Epilogue and Directions for Future Research

Epilogue and Directions for Future Research

Julie Willems, Belinda Tynan
Copyright: © 2013 |Pages: 5
DOI: 10.4018/978-1-4666-4205-8.ch029
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This chapter synthesizes the content of this volume and identifies research gaps for future investigation. It is evident that there is new work to be undertaken in both building on and expanding the work of the authors within this book. There is a need for future researchers to undertake both validation work and investigate new applications of conceptual and theoretical frameworks to inform future directions.
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Micro Level Research In Flexible And Distance Education

Instructional Design for Flexible and Distance Education

Instructional design and curriculum, as we have seen, encompasses the technological and social media used in the construction process and the pedagogies of teaching and learning. Pedagogy is a critical aspect of instructional design. The technology behind the pedagogy of DE has been explored in the chapter by Terry Anderson and Jon Dron, and in her chapter, Leanne Cameron reminded us of the importance of contextualizing pedagogical instruction within the discipline. John Rafferty, Jenni Munday, and Janet Buchan have also written about pedagogies, challenges and changing perspectives for blended and flexible learning.

The relationship between the diverse nature of the student body and instructional design was another area flagged for exploration, especially in the era of widening participation for under-represented and disadvantaged groups of students. Jacquelyn Kenney’s chapter explored the disruption of traditional pedagogies in the learning design to create more student-centric approaches to better meet the diverse needs of distance learners on their varied learning journeys, through strategies such as injecting fun into the learning design. Peer-to-peer teaching and mentoring, also known in the literature as peer-assisted learning, has been touched upon in some of the chapters in this volume as an aspect worth considering in instructional design. This strategy offers a key opportunity to build into the DE design to assist learning, to potentially help alleviate some of staff workload, provide additional means of frequent communication, develop communities of practice, and support students. In addition to referring to the students, peer-assisted learning also encompasses the teaching and mentoring of colleagues in becoming more proficient in construction of teaching and learning environments. As such, it warrants further attention as a research area in the instructional design of distance education.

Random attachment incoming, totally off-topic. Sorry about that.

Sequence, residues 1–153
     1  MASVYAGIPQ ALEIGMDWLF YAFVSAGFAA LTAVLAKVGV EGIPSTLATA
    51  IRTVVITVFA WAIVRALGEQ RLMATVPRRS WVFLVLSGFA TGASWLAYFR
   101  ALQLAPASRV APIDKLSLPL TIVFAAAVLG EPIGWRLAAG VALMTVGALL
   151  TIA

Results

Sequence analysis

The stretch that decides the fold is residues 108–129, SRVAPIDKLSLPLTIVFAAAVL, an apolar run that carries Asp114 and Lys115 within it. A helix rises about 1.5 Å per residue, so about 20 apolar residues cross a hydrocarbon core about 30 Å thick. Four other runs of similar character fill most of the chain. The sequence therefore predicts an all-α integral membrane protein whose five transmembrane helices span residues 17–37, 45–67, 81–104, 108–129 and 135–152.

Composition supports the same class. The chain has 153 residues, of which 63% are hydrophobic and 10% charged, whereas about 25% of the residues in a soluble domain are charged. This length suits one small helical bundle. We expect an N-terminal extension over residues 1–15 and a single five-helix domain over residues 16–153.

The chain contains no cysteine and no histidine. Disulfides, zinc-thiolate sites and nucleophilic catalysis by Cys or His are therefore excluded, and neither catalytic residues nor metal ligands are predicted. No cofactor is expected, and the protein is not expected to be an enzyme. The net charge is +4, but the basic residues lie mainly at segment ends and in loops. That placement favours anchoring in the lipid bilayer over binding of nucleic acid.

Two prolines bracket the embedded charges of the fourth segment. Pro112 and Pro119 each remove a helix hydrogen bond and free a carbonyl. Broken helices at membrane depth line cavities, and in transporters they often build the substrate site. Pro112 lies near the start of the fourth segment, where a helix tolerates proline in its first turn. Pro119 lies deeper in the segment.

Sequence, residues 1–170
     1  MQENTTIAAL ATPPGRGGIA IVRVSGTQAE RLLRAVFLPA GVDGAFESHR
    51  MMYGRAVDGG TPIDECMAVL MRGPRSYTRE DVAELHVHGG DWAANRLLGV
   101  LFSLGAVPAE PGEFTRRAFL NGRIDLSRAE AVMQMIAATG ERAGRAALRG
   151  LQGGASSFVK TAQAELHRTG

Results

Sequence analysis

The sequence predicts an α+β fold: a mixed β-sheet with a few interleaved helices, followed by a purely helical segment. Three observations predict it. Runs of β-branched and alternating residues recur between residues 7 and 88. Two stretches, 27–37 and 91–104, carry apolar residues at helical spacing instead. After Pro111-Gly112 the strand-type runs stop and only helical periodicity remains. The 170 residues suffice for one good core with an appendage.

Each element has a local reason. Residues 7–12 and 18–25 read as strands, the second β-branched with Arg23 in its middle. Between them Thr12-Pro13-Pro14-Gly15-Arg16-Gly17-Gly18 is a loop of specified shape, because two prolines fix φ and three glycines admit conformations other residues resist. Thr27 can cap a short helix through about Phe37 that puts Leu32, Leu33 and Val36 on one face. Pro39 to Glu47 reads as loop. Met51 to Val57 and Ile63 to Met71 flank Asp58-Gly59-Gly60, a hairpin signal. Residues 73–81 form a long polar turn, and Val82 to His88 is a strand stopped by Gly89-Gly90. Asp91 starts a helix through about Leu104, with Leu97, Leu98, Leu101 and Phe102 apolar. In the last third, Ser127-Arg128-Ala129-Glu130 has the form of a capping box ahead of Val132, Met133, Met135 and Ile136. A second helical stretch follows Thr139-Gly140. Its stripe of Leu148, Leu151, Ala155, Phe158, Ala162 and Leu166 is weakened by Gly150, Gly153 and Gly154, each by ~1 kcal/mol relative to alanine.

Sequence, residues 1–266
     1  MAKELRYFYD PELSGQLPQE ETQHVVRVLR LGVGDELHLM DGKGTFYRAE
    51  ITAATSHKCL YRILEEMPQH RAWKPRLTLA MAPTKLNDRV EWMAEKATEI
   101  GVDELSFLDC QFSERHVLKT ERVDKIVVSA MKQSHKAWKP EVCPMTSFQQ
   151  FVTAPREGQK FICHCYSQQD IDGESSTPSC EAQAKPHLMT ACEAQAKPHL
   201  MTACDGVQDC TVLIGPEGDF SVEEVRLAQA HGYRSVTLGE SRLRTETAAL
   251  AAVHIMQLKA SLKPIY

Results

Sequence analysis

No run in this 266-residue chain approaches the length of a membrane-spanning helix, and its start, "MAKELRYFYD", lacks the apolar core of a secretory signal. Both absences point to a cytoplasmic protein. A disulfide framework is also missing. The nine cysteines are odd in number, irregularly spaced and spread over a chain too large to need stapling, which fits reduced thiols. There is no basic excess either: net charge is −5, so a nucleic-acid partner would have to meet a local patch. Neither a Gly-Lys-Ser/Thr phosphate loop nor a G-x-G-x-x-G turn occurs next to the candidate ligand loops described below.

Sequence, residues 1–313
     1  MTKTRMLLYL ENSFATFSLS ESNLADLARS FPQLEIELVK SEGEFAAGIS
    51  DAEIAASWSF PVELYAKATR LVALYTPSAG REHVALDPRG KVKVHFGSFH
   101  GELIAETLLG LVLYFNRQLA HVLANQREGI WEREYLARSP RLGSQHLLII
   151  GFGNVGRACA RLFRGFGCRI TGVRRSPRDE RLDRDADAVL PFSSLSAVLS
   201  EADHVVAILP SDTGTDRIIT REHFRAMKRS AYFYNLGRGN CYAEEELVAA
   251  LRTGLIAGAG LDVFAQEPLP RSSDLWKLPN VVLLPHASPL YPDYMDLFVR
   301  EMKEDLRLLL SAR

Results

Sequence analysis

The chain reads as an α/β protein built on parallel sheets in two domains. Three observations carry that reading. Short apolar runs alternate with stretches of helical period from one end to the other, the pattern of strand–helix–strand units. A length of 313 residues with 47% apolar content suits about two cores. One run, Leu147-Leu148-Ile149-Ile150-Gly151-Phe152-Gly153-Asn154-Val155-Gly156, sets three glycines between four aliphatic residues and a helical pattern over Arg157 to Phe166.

Curriculum design is not simply a matter of getting learning resources “out there”, as our authors reminded us. Cherry Stewart, Ashfaq Khan and John Hedberg look to curriculum design for developing capacity of teachers to deal with complex issues. Sharron Kerr and Michaela Baker have reminded us about the necessity of considering inclusive practices in curriculum design in their chapter. Lindy Klein’s chapter considered Open Education Resources (OERs) in this. These arguments give us much to reflect upon.

Beyond these gaps and future research directions, a final future avenue of research in the instructional design for flexible and distance education includes a consideration of what methodologies are effective and efficient for the design, development, implementation and evaluation of effective teaching and learning for social media-enabled environments.


Interaction And Communication In Flexible And Distance Learning Communities

Interaction and communication within the technologically-mediated arena of flexible and distance learning spans the breadth of related aspects from the media of learning, synchronous and asynchronous learning opportunities, and through to specific iterations of learning by communication, such as in the online role-plays.

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